Condo price volatility causes whiplash. But the single-family house price surge is just crazy.
Get this: The median price of a single family house in San Francisco in March soared by 25% year-over-year, or by $337,500, to $1,687,500. But that’s down a notch from February, both in magnitude and nuttiness, when the price had skyrocketed 31% year-over-year, or by $410,000, to the record of $1.7 million flat.
Over the six years since March 2012, the median house price has ballooned by 143%:
Condos – a category we lump together with TICs (tenancy in common, a specialty in San Francisco), co-ops, and lofts – had been about flat-lining since early 2015, despite major ups and downs in between. The construction boom is putting a lot of new units on the market, though most of them are high end. So in February the median price dropped 7% year-over-year, or by $80,500, to $1,104,500.
But in March, all heck re-broke loose, and the median price surged 10% year-over-year, or by $114,750, to a new record of $1.25 million:
“Virtually every market segment in the city is currently experiencing a feverish high-demand, very-low-supply dynamic,” said Patrick Carlisle, Chief Market Analyst at Paragon Real Estate Group, who provided the data. In his report on the San Francisco market, he added:
Fear of possible impending interest rate increases may be playing a role in demand, but consumer confidence has also been soaring over the past year. Recent financial market volatility, so far, appears to be having little effect on local real estate markets, but it still early to measure this.
Median price means half of the homes were sold at prices above it, and half at prices below it. March data reflects closings in March. This measure is very different from the Case-Shiller Home Price Index for San Francisco, which tracks price movements not only in San Francisco but in a five-county area; it’s based on comparing sales pairs of the same dwelling, and uses a rolling three-month average that is published with a one-month delay. So it will be several months before the first signs of the March spike in median prices show up in the Case-Shiller index.
San Francisco is becoming a city of multi-family buildings. Over the past decades, nearly all the new units coming on the market were condos and rental apartments. Practically no single-family houses have been built recently. Hence condo sales represent the majority of the market. In total, 275 condos were sold in March, compared to 183 single-family houses. In other words, it doesn’t take a lot of sales at the high end to move the price needle.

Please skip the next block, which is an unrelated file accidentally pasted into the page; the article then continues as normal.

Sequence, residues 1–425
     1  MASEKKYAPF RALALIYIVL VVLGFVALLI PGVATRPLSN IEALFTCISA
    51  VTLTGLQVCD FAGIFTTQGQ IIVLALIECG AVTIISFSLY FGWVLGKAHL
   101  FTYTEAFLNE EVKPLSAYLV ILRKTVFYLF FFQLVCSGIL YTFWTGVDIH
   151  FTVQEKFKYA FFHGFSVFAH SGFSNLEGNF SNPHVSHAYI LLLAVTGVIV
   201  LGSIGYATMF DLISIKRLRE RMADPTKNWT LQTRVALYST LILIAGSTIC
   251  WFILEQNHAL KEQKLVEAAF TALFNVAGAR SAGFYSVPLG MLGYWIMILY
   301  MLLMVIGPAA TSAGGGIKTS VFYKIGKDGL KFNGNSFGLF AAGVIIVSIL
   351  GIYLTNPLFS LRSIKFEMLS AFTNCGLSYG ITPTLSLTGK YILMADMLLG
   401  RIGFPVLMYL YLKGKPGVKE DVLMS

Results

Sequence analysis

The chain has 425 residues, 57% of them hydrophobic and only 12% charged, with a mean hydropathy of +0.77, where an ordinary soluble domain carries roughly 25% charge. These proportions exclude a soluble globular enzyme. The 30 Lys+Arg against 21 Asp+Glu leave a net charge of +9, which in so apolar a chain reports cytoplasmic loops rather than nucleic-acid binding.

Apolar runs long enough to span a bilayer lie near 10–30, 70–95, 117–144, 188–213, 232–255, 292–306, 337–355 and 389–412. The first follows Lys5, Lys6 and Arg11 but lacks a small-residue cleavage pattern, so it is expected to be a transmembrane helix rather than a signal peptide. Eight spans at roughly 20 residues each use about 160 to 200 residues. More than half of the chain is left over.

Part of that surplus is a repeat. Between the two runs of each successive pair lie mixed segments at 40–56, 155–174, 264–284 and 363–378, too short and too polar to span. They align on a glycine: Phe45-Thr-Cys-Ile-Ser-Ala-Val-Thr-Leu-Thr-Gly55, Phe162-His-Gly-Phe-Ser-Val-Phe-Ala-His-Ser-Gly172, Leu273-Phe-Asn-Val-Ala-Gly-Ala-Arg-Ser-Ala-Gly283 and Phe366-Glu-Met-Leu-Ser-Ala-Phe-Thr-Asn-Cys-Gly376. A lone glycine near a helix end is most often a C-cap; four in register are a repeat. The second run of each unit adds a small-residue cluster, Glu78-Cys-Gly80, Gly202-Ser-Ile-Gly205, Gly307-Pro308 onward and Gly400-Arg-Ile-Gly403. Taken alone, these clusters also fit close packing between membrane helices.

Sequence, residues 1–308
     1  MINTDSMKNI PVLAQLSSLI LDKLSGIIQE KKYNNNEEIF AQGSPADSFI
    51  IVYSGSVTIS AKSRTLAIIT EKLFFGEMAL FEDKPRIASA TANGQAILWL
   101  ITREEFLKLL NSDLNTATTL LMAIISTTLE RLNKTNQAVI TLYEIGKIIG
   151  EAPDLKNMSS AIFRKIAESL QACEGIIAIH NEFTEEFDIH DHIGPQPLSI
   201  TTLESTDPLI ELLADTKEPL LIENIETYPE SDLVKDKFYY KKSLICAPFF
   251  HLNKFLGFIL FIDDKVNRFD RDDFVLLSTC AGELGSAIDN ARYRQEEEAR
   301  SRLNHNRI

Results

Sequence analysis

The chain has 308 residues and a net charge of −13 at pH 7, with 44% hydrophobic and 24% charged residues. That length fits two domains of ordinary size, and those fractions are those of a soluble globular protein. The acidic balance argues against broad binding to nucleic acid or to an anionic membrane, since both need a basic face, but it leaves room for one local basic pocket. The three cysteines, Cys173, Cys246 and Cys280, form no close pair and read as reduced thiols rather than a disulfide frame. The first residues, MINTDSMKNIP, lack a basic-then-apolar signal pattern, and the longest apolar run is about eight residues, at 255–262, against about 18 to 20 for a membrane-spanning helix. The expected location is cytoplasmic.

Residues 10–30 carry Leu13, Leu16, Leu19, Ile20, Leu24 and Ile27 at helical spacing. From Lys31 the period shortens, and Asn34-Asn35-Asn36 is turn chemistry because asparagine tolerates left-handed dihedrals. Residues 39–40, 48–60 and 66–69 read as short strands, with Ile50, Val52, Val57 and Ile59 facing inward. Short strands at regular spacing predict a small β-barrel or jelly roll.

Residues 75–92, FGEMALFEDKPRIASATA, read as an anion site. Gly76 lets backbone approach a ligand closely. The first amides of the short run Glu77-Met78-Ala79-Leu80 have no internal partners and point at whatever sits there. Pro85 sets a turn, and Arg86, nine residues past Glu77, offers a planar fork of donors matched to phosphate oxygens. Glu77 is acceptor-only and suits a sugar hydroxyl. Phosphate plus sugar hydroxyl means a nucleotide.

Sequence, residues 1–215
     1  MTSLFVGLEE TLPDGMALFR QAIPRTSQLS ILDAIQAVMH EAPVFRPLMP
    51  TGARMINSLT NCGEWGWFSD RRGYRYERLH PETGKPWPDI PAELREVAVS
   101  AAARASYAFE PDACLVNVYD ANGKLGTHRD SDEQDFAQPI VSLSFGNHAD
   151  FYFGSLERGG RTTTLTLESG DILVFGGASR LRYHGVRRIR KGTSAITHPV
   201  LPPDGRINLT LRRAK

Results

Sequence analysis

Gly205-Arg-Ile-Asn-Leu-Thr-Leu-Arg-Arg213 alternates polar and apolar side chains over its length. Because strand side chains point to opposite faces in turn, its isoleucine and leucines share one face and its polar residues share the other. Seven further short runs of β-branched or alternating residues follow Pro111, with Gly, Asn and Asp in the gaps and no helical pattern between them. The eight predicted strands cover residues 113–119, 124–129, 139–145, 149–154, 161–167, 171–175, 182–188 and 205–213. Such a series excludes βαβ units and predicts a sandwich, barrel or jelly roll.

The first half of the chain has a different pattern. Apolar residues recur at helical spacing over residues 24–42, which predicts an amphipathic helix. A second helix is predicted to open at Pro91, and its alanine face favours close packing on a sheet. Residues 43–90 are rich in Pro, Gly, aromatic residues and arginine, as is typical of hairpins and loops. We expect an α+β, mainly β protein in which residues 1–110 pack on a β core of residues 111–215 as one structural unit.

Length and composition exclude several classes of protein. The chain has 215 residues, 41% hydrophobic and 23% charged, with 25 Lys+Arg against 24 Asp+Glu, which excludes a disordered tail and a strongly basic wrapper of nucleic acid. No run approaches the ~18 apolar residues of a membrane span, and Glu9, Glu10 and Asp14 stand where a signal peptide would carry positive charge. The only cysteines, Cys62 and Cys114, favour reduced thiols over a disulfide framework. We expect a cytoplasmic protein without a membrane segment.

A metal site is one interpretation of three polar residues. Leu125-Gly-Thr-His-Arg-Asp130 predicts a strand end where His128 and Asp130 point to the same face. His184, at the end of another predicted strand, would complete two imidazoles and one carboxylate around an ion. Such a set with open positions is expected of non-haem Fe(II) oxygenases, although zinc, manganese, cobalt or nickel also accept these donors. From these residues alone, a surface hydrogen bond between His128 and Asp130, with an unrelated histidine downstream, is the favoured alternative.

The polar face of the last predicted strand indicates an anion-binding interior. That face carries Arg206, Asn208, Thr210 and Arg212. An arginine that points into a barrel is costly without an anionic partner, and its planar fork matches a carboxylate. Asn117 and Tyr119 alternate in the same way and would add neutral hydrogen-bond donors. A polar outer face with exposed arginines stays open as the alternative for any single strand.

The next two charts below are on the same scale. The first chart depicts the year-over-year change in the median price of condos. The second chart depicts the year-over-year change in the median price of single-family houses. Note the difference in the vertical bars – and in the condo chart, note the 10 red bars since 2015, denoting year-over-year price declines:
Condo price volatility can give you whiplash, for sure. But the year-over-year house price surges are just plain nuts:
Put together, the median price of all types of dwellings jumped 16% year-over-year, or by $193,500, to $1.41 million:
So who gets the credit for this nuttiness? Timing is key. These sales that closed in March weren’t necessarily negotiated in March. Many of them were negotiated sometime between late last year and late January. These were the times of a booming stock market. Over the 14 months from Trump’s election through January 26 this year, the S&P 500 stock index surged over 30%! The markets were particularly exuberant late last year and in January. San Francisco is uniquely dependent on the stock market, and the ebullient mood – the Trump bump – that lasted until January 26 likely added fuel to the housing market. Which is ironic, considering all the talk of how the new tax law was designed to target the expensive markets in California. Those effects might still set in later. But in March, the Trump bump ruled.
Here’s an update on the 100 most expensive rental cities. A story of deep-red and big surges. Read… The Peculiar Phenomenon in the Rental Market Implodes
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